Too slow or too fast idle??

Is anyone else having problems controlling their idle? Mine is either too slow ( 1000 rpm ) or too fast (2500 - 3000 rpm). It seems like when I try to adjust it up, the rpm jumps quick. There is no in between. I can't seem to get it close to 2000. As soon as I try backing it down it falls from 2500-3000 to 1000. What do you think???

Have you ever had the slide out of the carb? It is very common to put the plate back on the slide upside down. This will cause erratic idle. The "pointed" end of the plate goes the opposite way from the "pointed" end of the slide.

Ramrod: when your bike has the hanging idle, you are too lean on the pilot circuit. Back out your fuel screw (up to 3 turns out), in 1/4 turn icrements until the hanging idle vanishes. If no improvement at 3 turns out, go from a 42 to a 45 pilot, start at 1 turn out, and do the same.

Thanks Mike, I'll give that a try tonight, and hopefully my idle will get dialed in once and for all ...


Having the idle too rich will also cause the idle to "hang" before settling to normal idle. If you're fouling plugs this is likely the case. If going richer--as previously suggested--doesn't work try going leaner instead. I'm running a WB E-series exhaust w/ stock jetting and had to turn the fuel screw down to only 3/4 turn from seated to correct my hanging idle. My plug fouling and poor hot starting problems disappeared.

vznx1w: I remember when I went too rich on pilot/screw the idle would be low after throttle was chopped, and then speed up. It was pretty subtle but that is what I remember. Anyone else see this?

[This message has been edited by mikeolichney (edited October 03, 2001).]

I don't know if this is your problem, but perhaps it will at least get you thinking or lead you in the right direction.

During one of my take-it-all-apart moments, I split the two halves of the carb.

In the middle of the two pieces is a complex route of circuits sealed by a thin rubber gasket. Looking a lot like a miniature automotive automotic transmission valve body (dang, that was long to say...hope someone can relate to that).

So here's the problem, the re-assembly of these two components is beyond tricky. I literally had to make a special clamping device to get the two halve to seal evenly. With this, I can imagine that a very small percentage of the carbs that come from the OEM may have minor leaks because of this design.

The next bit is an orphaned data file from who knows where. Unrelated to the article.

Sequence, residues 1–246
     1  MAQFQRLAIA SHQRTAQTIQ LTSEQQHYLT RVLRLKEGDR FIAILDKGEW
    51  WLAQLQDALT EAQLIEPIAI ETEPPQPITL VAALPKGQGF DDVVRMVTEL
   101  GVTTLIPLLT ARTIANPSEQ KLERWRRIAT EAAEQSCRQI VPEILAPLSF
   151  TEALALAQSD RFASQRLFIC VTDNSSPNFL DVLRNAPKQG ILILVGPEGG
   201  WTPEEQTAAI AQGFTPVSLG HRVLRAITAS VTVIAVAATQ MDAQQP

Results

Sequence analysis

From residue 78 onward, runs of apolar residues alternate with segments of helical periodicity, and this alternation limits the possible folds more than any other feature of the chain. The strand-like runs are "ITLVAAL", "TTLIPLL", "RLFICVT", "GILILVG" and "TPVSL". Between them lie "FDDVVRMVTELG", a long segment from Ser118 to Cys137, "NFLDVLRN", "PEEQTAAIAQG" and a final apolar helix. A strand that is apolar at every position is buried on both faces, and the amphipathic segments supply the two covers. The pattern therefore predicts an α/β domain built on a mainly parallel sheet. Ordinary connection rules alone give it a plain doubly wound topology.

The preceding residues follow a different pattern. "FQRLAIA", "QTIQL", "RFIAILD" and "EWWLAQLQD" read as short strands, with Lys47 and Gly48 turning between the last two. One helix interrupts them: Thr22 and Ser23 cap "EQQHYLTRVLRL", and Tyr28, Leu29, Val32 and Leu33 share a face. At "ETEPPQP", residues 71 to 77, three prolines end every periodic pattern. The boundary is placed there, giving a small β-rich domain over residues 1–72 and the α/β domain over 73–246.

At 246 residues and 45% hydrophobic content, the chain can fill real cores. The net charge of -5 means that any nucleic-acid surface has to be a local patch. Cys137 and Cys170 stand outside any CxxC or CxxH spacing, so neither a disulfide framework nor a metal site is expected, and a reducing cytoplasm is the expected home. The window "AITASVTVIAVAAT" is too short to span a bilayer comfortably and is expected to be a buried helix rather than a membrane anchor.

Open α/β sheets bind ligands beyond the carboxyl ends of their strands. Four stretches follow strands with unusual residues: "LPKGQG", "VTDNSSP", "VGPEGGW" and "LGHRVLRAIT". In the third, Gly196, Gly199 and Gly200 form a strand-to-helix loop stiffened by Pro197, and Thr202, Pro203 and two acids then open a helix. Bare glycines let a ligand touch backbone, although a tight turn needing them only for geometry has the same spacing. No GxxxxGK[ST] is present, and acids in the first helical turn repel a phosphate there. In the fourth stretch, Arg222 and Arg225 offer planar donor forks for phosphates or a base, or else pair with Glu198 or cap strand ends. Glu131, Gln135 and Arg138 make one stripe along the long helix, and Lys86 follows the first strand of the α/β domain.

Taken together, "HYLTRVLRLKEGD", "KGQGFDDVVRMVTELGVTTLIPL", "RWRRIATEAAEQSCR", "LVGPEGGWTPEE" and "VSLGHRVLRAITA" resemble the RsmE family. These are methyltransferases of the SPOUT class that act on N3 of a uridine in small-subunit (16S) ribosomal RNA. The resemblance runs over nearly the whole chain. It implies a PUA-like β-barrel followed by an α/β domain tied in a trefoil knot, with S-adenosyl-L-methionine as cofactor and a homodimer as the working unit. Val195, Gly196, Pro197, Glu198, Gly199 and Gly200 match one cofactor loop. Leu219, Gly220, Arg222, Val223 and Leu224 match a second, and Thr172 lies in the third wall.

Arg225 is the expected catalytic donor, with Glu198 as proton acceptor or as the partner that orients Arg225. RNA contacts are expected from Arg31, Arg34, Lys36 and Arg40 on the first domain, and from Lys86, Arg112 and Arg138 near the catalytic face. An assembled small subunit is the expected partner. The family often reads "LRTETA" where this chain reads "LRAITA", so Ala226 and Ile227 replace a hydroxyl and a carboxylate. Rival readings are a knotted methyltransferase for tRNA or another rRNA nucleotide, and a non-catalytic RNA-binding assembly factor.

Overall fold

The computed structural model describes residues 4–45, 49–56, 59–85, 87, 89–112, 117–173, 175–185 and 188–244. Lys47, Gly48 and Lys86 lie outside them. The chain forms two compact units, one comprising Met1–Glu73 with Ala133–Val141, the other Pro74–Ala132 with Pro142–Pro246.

The point to all of this is that when I didn't get the two halves sealed correctly, I suffered these high and fast idle problems as posted. It would take anywhere from 15 to 30 seconds to get the bike to idle back down after a quick rev. Starting was more difficult, and I’m sure the mixture was way off. Full throttle worked.

Is this your problem? I don't know. But try the easy fixes first, and if you fail to come up with anything else, let me know and I'll explain further how to resolve this issue.


i feel the description that the mixture is lean is correct and that you can go at it two ways. you can either put in a larger PJ and then he'll get that bwooooaaar noise on hitting the throttle because it's rich and won't rev SHARPLY or he can drop the PAJ by buying the Pilot Air Screw from sudco.

if hick gets involved he'll tell you the same thing.

i'm down to a 40PJ and hick runs 38 or 40 along with #75/85 PAJ.

anyone who followed my "snap and 3/4 throttle..." (WR side) knows that i've been up to 50PJ and #140 PAJ and had got it wrong. by my own admission. but now i realise the folly of running large pilots.

i hope that many of you will take the opportunity to reduce the AIR to get the ratio right another time.


No, the carb has never been out of the bike with the exception of changing the jets and the BK Mod. Even then it was done on the bike.

My idle is high - in fact when I hit the gas it will idle fast for 5-10 seconds, then it will lower really low ... this is where I've run into fouling problems or usually it just dies out. I see other guys who can leave their bike on the stand idling, but not mine. What gives?